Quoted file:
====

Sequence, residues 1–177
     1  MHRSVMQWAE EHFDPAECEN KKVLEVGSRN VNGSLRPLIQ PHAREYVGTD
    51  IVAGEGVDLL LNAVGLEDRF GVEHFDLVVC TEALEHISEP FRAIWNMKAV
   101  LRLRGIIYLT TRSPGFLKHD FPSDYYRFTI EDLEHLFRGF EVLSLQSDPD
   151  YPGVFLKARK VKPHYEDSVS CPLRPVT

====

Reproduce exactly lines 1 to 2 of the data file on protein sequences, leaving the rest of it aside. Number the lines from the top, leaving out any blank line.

Sequence, residues 1–177
     1  MHRSVMQWAE EHFDPAECEN KKVLEVGSRN VNGSLRPLIQ PHAREYVGTD